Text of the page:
From farm production reform to environmental protection at the Three Gorges, the advice of members of the Chinese People's Political Consultative Conference (CPPCC) has been seriously considered by policy-makers when drawing up the country's development plans.
"The relevant State departments responded quickly to my proposals on restructuring farm production and invited me to discuss the issues with concerned officials," said Liu Hongbin, a CPPCC member from Panjin, a city in Northeast China's Liaoning Province.
He made the remarks while attending the on-going annual session of the national committee of the advisory body.
Liu, pleased by the progress of his ideas, is Panjin's vice- mayor in charge of agriculture and became an expert on the problems of farmers.
Their biggest concern is low grain prices, a market condition caused by the excess grain supply, Liu said.
To solve the problem, Liu suggested a production system overhaul in which some grain production is replaced with cash crops and other non-agriculture industries.
Liu also suggested a practice aimed at increasing farmers' income by having farmers produce grain on a contract basis and abolish some administrative fees.
Liu and other CPPCC members submitted those suggestions through the CPPCC National Committee in the past two sessions and said they received quick responses from the State Development Planning Commission, drafter of the newly issued Outline of the 10th Five-Year Plan (2001-05).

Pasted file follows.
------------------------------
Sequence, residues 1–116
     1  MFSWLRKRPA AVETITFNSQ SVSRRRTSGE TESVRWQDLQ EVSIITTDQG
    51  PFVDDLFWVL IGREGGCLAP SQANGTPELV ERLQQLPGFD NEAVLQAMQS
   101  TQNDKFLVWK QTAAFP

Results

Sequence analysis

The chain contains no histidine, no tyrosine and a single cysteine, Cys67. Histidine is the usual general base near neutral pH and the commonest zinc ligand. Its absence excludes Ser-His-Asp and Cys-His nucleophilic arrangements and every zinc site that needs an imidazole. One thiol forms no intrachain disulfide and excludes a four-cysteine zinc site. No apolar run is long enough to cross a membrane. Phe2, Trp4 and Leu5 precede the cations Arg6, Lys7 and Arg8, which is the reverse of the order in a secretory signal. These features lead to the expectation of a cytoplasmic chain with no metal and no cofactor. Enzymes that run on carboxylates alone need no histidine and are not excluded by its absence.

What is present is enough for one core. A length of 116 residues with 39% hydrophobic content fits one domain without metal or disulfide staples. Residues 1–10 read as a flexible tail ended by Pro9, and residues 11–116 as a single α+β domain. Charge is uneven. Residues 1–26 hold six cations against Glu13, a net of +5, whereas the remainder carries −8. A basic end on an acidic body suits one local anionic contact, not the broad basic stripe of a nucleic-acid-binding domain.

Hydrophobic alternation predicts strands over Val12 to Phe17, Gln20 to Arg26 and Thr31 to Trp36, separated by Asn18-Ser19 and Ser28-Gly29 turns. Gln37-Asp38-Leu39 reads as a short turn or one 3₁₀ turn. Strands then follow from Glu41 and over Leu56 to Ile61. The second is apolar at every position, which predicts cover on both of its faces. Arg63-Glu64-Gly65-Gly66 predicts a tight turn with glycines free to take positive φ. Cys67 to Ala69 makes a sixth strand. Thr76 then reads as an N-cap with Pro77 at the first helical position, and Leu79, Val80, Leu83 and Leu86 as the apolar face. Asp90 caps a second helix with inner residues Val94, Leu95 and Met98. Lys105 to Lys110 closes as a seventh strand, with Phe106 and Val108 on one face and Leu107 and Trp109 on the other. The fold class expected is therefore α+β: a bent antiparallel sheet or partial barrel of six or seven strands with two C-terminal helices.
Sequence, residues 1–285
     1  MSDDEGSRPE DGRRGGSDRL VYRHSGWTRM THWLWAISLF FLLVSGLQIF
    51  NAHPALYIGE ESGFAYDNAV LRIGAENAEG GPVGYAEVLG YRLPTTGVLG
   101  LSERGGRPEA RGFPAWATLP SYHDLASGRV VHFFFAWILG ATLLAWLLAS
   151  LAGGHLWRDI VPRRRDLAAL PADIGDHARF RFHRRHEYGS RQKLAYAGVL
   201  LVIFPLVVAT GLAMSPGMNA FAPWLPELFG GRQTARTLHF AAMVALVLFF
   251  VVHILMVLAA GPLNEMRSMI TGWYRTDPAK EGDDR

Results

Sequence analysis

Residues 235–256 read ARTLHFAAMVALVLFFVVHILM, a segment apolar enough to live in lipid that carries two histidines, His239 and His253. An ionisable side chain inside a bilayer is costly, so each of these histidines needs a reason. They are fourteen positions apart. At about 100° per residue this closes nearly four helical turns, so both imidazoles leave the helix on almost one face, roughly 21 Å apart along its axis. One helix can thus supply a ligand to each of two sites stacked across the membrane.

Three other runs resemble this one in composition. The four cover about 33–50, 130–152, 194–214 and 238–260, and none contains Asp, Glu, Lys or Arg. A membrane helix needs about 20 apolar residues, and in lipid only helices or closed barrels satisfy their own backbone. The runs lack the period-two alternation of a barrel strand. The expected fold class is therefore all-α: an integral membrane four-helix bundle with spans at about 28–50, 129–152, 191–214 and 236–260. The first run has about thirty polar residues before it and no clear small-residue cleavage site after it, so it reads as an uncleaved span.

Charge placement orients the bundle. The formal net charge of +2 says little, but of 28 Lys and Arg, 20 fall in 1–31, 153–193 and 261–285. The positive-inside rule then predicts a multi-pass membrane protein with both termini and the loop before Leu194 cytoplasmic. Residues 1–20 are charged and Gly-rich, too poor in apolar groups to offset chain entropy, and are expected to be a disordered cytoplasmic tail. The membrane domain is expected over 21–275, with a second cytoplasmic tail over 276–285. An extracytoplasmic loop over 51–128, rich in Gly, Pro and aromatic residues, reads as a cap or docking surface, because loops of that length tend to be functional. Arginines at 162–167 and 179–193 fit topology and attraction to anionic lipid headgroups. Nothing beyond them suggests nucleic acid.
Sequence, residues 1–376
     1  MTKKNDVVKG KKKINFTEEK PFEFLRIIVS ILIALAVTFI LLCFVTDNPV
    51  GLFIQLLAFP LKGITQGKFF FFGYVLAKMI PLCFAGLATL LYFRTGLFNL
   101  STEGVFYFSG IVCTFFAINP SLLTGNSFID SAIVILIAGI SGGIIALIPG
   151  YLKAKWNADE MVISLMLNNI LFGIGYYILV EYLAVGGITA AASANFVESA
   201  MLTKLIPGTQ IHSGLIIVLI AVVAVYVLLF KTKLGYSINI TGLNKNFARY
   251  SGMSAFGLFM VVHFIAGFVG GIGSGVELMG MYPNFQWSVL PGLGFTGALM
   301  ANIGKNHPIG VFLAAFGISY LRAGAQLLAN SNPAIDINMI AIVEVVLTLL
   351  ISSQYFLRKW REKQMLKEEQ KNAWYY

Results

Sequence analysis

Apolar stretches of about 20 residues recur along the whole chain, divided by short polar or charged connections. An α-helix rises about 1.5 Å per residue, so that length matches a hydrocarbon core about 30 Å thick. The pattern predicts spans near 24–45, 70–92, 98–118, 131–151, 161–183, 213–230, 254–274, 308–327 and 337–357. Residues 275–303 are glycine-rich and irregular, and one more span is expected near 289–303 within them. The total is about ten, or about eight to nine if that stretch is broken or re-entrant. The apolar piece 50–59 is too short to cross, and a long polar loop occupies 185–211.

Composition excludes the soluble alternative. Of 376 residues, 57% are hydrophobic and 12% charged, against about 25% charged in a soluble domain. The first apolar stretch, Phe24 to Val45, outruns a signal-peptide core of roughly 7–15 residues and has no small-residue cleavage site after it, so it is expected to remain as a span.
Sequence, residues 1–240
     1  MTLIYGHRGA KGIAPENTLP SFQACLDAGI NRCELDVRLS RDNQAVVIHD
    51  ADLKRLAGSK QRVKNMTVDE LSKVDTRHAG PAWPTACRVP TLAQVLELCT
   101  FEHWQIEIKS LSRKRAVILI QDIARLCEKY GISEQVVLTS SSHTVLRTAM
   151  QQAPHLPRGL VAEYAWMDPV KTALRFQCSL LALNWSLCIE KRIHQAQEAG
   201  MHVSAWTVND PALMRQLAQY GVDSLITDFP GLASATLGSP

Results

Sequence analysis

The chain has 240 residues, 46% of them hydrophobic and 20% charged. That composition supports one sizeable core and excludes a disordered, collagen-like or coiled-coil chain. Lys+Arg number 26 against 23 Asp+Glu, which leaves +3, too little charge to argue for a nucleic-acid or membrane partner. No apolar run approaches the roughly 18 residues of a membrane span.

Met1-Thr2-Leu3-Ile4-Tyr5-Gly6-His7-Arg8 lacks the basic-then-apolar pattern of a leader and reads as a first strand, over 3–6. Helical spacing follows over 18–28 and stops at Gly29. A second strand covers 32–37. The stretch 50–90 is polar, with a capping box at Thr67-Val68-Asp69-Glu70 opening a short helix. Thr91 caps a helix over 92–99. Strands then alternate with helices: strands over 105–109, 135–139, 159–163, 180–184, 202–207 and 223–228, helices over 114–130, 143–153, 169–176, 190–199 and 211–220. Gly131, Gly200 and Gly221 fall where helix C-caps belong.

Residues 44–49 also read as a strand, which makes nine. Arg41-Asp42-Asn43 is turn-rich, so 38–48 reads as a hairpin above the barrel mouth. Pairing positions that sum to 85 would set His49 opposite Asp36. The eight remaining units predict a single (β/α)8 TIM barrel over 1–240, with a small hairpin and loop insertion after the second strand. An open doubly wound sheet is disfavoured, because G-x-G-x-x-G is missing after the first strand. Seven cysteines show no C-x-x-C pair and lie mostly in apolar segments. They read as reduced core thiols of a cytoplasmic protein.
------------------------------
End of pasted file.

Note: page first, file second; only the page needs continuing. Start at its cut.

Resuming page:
Now the essence of his suggestions can be found in the draft 10th Five-Year Plan.
Liu wasn't the only CPPCC member to have been so satisfied.
A total of 3,733 proposals submitted since last year, about 98 per cent of which have been handled seriously.
Among them were Chen Yatang's proposal to control the water pollution at the Yangtze River and the Three Gorges Dam construction area.
"The control of water pollution at that area has started now," said Chen, a CPPCC member from Southwest China's Chongqing Municipality.
After the construction of the Three Gorges Dam, water flow in the upper reach of the Yangtze River will slow and micro-organisms will settle, causing water pollution, Chen said.
Large amount of waste rock residue left from the dam construction and the polluted water will also threaten local water quality, he added.
His proposal garnered attention from both the State Environmental Protection Administration and the Three Gorges Project Construction Committee under the State Council.
The administration carefully studied his idea and included the opinion in the ecological protection section of the 10th Five-Year Plan.
Common people also have had the ear of the policy-makers.
In October, the State Development Planning Commission announced efforts to assess public opinion. To date, the commission has received 17,000 letters from the public.
Many opinions, such as suggestions to increase manufacturing of large-scale equipment and better use of marine resources, are now part of the draft plan.
(China Daily 03/08/2001)